The beauty of a system of simple written laws (and constitutions) is that the system tends to protect the less powerful.

    • #17
    • June 17, 2019, at 7:45 AM PST
    • 1 like
  18. Old Bathos Member

    Funny that the fact that Woodrow Wilson was an out-and-racist does not mean that the progressive movement he launched should be jettisoned. Or the fact that Margaret Sanger was so racist she even had top Nazi pen pals (“we must breed a race of thoroughbreds”) does not mean that Planned Parenthood is illegitimate. 

    Nevertheless the very principles and documents that ground our protection of natural rights regardless of race, creed, sex or IQ must be dumped because half of those who implemented them in the late eighteenth century could not see their way to undo the slave-holding social order in which they were born and raised. It was the very principles they brought to life that made slavery untenable. Yet we are called upon to reject them in favor of doctrines that literally enslaved millions.

    It is not just that our high schools and colleges turn out grossly ignorant products. It’s that they graduate not realizing they are grossly ignorant. Self-aware stupidity is always forgivable. If colleges were to say in the brochure “there’s a ton of good stuff over in the library but for ideological reasons and to conceal the widespread incompetence of our faculty we are going to present political drivel instead” that would be better than producing people like AOC who sincerely believe they have a handle on things.

     

    • #18
    • June 17, 2019, at 8:14 AM PST
    • 7 likes
  19. Full Size Tabby Member

    TBA (View Comment):

    Seawriter (View Comment):

    Doug Watt (View Comment):

    The paradox of the advocate’s of the living, breathing Constitutionalist is they are trying to strangle it to death.

    That is because they do not really believe in it. They are using the concept to destroy the Constitution. Similarly, complex interpretation of plain legal language is a means to circumvent the purpose of a law when it is inconvenient.

    I think most of them are quite fond of the Constitution and believe it to be good – and being good, it couldn’t possibly prevent them from doing the things they believe to be good and necessary.

    I at least partially disagree. I don’t think they are fond of the Constitution and believe it to be good. I believe they just think of the U.S. Constitution as something that is. Justice Ginsburg of the U.S. Supreme Court has even said she does not think the U.S. Constitution is good, and she would not recommend it to others. 

    I think the advocates of a “living constitution” believe they are good, and can’t believe that any Constitution that is good would prevent them from doing things they believe to be good and necessary. The focus is not on the goodness of the structure, but on the goodness of the people doing the rewriting.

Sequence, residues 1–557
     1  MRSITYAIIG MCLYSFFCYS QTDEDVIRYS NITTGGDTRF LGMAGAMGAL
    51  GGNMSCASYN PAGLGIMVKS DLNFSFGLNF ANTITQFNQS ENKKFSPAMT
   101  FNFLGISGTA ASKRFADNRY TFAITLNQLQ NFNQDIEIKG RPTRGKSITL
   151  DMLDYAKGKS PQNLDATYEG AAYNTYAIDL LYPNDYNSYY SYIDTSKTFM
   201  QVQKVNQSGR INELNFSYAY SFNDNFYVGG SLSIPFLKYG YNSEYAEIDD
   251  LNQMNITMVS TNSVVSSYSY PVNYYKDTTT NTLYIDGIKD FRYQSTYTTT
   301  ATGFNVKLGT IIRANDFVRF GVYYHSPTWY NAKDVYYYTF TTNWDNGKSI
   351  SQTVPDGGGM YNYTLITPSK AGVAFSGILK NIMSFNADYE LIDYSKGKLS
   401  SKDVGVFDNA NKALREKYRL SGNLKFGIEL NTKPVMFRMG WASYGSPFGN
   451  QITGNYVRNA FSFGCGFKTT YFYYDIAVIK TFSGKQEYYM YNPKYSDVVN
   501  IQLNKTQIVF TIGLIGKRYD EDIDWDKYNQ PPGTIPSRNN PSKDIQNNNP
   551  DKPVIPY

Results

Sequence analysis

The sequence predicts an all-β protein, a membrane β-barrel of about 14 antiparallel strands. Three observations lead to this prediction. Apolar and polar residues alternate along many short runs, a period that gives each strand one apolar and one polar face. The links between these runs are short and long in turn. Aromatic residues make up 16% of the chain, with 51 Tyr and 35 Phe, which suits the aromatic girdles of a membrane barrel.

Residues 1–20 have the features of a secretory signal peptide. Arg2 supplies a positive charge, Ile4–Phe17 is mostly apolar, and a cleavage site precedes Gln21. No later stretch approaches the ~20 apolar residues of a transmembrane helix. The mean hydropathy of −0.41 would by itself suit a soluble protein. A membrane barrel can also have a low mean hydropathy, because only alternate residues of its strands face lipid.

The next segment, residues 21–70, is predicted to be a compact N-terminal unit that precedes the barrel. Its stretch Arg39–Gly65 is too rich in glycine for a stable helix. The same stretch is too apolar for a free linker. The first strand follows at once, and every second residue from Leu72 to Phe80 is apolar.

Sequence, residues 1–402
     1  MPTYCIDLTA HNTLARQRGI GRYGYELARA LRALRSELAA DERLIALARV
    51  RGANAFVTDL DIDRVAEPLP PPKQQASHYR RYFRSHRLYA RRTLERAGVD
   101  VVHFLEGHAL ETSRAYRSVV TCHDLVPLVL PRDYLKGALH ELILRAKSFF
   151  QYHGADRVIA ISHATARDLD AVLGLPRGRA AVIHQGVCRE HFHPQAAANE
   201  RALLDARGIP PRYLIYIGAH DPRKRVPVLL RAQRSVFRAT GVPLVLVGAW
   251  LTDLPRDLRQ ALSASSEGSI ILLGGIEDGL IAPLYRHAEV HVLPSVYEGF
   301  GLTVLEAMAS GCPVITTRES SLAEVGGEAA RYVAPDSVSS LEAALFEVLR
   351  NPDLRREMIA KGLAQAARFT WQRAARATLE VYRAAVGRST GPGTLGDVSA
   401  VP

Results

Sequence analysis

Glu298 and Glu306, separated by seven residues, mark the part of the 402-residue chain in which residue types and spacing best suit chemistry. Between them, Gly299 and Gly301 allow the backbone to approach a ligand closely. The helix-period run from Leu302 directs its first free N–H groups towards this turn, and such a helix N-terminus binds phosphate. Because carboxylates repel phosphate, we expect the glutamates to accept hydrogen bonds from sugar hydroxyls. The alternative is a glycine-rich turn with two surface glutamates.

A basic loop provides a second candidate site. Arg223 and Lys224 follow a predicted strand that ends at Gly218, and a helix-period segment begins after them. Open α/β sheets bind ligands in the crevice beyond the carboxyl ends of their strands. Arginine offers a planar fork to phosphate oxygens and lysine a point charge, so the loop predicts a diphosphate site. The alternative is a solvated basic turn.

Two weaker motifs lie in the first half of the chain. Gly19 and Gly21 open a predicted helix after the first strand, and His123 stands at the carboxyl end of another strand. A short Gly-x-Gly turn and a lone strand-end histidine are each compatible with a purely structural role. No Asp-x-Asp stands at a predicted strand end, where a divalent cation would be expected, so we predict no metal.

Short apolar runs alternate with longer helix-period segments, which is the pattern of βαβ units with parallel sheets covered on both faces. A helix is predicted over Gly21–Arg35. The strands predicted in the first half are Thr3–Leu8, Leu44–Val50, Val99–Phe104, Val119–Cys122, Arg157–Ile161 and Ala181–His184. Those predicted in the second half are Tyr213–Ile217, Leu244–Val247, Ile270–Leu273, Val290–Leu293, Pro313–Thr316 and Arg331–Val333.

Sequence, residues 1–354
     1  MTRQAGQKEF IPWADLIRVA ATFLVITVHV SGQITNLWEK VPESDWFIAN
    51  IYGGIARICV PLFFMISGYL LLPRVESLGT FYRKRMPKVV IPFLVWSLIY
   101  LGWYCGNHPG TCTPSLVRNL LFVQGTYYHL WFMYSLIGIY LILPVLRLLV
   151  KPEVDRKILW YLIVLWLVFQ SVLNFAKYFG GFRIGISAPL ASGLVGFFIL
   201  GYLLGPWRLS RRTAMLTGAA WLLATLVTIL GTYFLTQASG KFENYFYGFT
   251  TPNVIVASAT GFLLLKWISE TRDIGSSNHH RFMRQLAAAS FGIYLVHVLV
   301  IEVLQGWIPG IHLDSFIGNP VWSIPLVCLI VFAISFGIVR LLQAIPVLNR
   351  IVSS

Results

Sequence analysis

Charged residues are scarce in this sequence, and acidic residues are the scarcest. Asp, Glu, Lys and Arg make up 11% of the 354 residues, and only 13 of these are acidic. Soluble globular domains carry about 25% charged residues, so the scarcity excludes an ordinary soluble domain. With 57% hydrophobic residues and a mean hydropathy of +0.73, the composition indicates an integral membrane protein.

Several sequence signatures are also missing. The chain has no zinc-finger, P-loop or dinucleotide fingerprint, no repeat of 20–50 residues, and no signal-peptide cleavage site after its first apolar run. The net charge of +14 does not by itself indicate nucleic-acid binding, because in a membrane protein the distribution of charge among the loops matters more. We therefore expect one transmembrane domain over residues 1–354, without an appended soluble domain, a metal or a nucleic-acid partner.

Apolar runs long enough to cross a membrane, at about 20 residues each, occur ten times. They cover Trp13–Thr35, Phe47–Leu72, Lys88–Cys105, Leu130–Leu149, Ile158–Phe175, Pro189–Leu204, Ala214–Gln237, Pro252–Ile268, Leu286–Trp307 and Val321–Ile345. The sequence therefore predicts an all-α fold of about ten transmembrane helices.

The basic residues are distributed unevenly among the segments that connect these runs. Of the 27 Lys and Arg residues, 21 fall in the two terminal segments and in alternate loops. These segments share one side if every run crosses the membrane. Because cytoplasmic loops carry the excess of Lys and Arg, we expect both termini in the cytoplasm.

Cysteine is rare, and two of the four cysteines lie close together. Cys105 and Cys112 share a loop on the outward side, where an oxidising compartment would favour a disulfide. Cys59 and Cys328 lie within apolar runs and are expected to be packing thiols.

• #19
    • June 17, 2019, at 9:20 AM PST
    • 4 likes
  20. kedavis Member

    Old Bathos (View Comment):

    Funny that the fact that Woodrow Wilson was an out-and-racist does not mean that the progressive movement he launched should be jettisoned. Or the fact that Margaret Sanger was so racist she even had top Nazi pen pals (“we must breed a race of thoroughbreds”) does not mean that Planned Parenthood is illegitimate.

    Nevertheless the very principles and documents that ground our protection of natural rights regardless of race, creed, sex or IQ must be dumped because half of those who implemented them in the late eighteenth century could not see their way to undo the slave-holding social order in which they were born and raised. It was the very principles they brought to life that made slavery untenable. Yet we are called upon to reject them in favor of doctrines that literally enslaved millions.

    It is not just that our high schools and colleges turn out grossly ignorant products. It’s that they graduate not realizing they are grossly ignorant. Self-aware stupidity is always forgivable. If colleges were to say in the brochure “there’s a ton of good stuff over in the library but for ideological reasons and to conceal the widespread incompetence of our faculty we are going to present political drivel instead” that would be better than producing people like AOC who sincerely believe they have a handle on things.

     

    Very well put. I emailed this to several friends/relatives. (With attribution, of course.)

    • #20
    • June 17, 2019, at 6:15 PM PST
    • 3 likes